Why it took me so long to say BLM
Black lives matter. There. That’s my first time typing it out. I didn’t want it to be a trite expression to me where I was just echoing social media sentiment. I wanted to give it deliberate thought.
I’m sitting here in Singapore, far from the movement’s epicenter, watching in horror as the fear of coronavirus gave way to a total breakdown in society over in the States. Mind you, we have our own baggage and should never take the unity of the people for granted. A careless word could be the flint that lights a fire fueled by undercurrents that have been building up over time, and fanned by the winds of emotion.
It took me so long to type out “Black lives matter” because it an obvious thing that didn’t need stating. I was also a little fixated on the negative space around the phrase. Do other lives not matter?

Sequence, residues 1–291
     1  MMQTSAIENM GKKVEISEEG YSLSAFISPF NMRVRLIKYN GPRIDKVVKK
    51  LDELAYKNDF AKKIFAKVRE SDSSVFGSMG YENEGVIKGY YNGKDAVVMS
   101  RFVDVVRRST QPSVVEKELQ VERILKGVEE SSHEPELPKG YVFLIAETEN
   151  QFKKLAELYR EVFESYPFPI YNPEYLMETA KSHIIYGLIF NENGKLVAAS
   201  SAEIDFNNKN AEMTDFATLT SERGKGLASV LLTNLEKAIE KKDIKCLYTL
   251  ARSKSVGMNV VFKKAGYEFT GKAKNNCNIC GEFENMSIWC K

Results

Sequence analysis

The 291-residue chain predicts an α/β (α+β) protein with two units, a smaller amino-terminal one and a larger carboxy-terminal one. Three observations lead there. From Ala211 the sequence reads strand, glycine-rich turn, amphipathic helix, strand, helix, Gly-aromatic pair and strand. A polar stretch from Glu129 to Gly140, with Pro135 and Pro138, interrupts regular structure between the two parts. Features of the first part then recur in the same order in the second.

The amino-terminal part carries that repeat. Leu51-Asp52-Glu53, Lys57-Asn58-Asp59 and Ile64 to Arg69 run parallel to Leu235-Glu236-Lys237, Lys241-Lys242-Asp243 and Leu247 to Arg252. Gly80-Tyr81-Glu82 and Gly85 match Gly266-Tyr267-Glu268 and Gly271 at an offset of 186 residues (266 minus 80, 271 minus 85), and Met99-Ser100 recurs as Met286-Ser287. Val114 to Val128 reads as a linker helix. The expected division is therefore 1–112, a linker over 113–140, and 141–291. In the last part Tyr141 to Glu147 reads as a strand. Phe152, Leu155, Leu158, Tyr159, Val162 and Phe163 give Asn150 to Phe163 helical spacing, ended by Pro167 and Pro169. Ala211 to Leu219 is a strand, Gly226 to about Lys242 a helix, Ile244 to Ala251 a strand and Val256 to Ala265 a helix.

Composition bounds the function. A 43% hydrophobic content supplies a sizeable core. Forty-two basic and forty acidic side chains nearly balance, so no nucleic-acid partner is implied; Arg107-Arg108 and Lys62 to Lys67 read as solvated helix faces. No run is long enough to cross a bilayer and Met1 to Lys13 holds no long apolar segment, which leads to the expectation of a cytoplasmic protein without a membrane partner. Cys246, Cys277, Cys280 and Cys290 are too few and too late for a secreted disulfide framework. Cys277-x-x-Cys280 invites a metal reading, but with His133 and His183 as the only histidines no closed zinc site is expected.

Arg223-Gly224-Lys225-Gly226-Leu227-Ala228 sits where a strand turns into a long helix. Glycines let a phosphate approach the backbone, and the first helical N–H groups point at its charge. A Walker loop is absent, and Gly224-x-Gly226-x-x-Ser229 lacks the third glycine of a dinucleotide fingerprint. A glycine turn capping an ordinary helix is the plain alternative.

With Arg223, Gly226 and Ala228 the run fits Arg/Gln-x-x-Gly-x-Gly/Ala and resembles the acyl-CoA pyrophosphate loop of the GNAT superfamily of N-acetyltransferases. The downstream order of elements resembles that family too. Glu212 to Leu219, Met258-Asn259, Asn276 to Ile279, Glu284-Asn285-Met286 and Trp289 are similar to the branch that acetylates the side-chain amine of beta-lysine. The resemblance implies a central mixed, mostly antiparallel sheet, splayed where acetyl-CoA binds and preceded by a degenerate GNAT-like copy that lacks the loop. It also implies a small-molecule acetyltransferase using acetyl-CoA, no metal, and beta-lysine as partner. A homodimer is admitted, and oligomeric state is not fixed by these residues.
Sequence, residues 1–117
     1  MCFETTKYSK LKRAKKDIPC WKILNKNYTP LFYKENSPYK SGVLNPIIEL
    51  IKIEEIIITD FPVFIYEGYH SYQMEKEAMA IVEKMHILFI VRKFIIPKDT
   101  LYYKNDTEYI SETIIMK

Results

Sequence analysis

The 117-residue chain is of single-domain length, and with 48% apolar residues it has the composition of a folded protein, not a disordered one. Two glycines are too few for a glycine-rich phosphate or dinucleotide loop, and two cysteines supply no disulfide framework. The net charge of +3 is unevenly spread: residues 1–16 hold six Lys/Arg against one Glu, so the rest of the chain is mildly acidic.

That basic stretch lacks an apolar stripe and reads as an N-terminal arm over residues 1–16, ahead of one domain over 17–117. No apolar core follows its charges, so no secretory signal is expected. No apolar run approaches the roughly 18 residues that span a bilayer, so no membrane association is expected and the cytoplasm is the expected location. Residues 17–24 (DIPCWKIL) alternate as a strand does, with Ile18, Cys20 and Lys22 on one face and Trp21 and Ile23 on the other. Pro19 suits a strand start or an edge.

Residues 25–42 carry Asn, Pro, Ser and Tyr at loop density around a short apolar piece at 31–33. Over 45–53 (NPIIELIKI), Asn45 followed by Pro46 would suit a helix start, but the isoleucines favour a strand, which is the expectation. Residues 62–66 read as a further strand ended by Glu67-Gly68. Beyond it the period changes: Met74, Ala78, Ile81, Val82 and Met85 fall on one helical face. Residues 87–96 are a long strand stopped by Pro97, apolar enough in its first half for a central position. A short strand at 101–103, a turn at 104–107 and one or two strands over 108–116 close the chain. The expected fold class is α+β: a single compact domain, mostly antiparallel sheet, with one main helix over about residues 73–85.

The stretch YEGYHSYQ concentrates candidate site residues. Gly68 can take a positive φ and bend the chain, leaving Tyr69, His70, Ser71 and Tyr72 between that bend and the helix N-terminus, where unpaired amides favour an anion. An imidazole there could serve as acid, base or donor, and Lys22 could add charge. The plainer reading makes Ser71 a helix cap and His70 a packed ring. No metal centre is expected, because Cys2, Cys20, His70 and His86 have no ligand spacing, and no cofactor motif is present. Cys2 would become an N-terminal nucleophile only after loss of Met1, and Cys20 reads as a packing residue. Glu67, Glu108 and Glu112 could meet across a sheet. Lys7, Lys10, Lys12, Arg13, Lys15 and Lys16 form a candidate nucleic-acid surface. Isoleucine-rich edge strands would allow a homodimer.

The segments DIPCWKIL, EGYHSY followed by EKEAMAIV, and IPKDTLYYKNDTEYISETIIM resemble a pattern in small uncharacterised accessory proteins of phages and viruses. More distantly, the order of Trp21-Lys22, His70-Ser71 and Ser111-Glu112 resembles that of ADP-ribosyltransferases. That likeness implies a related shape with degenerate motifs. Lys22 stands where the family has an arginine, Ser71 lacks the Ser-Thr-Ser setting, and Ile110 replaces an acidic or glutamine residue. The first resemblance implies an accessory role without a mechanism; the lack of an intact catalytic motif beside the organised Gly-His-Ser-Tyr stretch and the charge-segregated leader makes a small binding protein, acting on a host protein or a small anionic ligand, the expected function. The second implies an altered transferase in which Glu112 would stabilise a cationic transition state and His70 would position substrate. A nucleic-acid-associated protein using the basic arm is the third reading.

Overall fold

After some reflection I realised my error in attributing meaning to the words that aren’t said, instead of focusing on what is being said. Saying “black lives matter” does mean that other lives do not matter, or that black lives were somehow more valuable than other lives. In the same way, saying an apple is red doesns’t make an orange any less orange.
Saying “black lives matter” is important, because in today’s current climate, this truth isn’t self-evident. It isn’t self-evident in the unequal treatment of black people in America and many parts of the world. This inequality has been so exacerbated that we are fighting for an equal right to live. It breaks my heart that we have come to this.
It is easy, being so far away, to just be an observer and pass judgement, but prejudice and bigotry towards people unlike us is a sin that grips every human heart. The need for a come-to-Jesus moment to confess and confront our own biases is so necessary. The moment should be now, whether you are in Atlanta or in Asia. No one should take the life of another, and definitely not this callously.